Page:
If it seems that Texas has been getting more than its share of gully washers lately, the rainfall data says it’s actually true.
The last two years have been a record-breaker for Texas, according to State Climatologist John Nielsen-Gammon.
From Sept. 1, 2014 through Wednesday, the average rainfall across Texas was 75.17 inches, topping the previous record of 74.85 inches that occurred in 1942.
Locally the rainfall totals have also been impressive.
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96.69inches of rain fell at DFW Airport over last two years
At Dallas/Fort Worth Airport, the same period was the third-wettest 24 months on record with 96.69 inches, finishing behind 99.61 inches of rainfall that occurred between April 1991 and March 1993. DFW Airport has recorded 96.63 inches between October 2014 and Thursday.
“If you get another 3 inches the rest of this month, you would set a new two-year record,” Nielsen-Gammon said.
Dallas Love Field set a 24-month record with 104.81 inches from September 2014 through August, breaking the old record of 104.47 set in August 1920.
In a way, none of this should be a surprise since 2015 was the wettest on record locally with 62.61 inches at DFW Airport. So far in 2016, 24.21 inches of rain have fallen at DFW, which is 4.46 inches above normal.
Goodbye to El Niño
The wet weather can be partially explained by an El Niño — a weather pattern where warmer-than-normal ocean temperatures in the equatorial Pacific bring wetter weather to Texas — that occurred over the last 18 months.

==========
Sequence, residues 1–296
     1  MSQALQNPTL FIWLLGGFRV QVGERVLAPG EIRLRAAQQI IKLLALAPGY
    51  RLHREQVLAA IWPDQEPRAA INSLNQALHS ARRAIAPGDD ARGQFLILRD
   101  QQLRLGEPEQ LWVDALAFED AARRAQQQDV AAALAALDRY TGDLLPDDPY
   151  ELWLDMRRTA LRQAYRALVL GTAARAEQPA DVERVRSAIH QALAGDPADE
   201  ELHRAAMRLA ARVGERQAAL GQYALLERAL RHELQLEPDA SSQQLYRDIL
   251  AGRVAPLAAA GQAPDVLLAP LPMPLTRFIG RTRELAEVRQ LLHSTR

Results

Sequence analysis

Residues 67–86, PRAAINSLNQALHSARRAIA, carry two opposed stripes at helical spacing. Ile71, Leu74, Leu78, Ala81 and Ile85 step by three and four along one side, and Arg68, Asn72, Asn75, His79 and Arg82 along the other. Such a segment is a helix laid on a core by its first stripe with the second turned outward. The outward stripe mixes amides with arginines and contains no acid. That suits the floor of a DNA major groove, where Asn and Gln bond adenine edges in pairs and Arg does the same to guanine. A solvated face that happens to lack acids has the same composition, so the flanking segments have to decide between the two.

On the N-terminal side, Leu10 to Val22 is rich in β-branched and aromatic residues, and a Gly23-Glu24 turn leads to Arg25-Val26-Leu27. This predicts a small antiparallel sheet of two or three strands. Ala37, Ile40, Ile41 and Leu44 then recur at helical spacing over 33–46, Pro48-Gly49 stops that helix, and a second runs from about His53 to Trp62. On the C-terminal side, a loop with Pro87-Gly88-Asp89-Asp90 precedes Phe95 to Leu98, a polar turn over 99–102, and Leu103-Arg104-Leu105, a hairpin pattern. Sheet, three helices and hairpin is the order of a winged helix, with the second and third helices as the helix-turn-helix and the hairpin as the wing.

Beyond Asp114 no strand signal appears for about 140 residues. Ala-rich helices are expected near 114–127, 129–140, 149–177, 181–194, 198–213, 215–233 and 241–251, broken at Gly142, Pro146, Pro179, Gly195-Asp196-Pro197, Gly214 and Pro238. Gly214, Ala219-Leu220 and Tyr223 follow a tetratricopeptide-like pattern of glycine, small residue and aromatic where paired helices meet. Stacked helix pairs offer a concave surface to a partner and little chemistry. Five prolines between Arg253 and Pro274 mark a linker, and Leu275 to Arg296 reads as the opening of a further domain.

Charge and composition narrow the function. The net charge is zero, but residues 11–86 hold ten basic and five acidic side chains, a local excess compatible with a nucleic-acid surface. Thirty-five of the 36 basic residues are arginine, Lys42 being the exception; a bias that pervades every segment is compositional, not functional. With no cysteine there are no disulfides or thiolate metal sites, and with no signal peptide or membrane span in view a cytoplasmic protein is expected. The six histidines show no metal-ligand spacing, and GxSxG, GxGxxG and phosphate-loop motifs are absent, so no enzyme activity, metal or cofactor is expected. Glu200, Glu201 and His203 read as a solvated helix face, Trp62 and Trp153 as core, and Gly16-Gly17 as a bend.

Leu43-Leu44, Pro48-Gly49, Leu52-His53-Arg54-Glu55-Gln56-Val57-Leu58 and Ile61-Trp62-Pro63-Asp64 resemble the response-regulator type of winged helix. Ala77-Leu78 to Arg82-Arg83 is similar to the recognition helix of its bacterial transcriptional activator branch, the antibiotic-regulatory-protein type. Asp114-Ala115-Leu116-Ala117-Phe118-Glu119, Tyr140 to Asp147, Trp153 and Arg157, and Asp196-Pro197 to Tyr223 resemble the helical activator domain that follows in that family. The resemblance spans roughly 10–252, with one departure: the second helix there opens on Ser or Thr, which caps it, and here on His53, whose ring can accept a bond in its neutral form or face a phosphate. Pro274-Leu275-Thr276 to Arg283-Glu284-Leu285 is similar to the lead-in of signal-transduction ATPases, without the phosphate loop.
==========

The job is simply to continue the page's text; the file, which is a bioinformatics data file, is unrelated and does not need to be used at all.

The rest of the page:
We had a very strong El Niño that contributed to these totals.
State Climatologist John Nielsen-Gammon
“We had a very strong El Niño that contributed to these totals,” Nielsen-Gammon said. “On top of that, we had some exceptional events such as the entire month of May in 2015.”
The question now is what comes next.
It’s expected to dry out this weekend across North Texas, with the next chance for rain coming in the middle of next week.
Forecasters also predict that a weak La Niña will form this winter. La Niña is the sibling weather pattern to El Niño that occurs when cooler-than-normal waters in the equatorial Pacific bring drier weather to Texas.
Another, more long-term weather pattern known as the Pacific Decadal Oscillation brings hope that the repeated droughts Texas has seen over the last 15-20 years may be coming to an end.
“We’re still on track to be breaking it,” Nielsen-Gammon said. “La Niña looks like it going to be weak, and the long-term conditions in the northern Pacific still appear to be favorable.”
Lakes full after ‘extraordinary’ rains
The rainfall has also benefited area lakes.
Most are full or close to it, which means boating conditions should be ideal for the Labor Day weekend, the traditional end of the summer recreational season.
For the second straight year, the Tarrant Regional Water District, the raw-water provider for almost all of Tarrant County, is ending the summer with all of its lakes full.
100.1 percent system capacity of TRWD’s four water supply lakes.
On Friday morning, the system capacity of TRWD’s four water supply lakes — Eagle Mountain, Bridgeport, Richland-Chambers and Cedar Creek — sat at 100.1 percent.
This the eighth time since 1987 that the combined storage of those four lakes has been 95 percent or higher on Sept. 1.
If North Texas receives near normal rainfall, TRWD’s lakes should remain close to full into spring.
“The rainfall we’ve had over the last two years has been extraordinary,” said David Marshall, TRWD’s director of engineering and operations support.
DFW’s wettest 2 years on record
99.61 April 1991 through March 1993
97.41 September 1913 through August 1915
96.93 October 2014 through September 2016
Source: Texas State Climatologist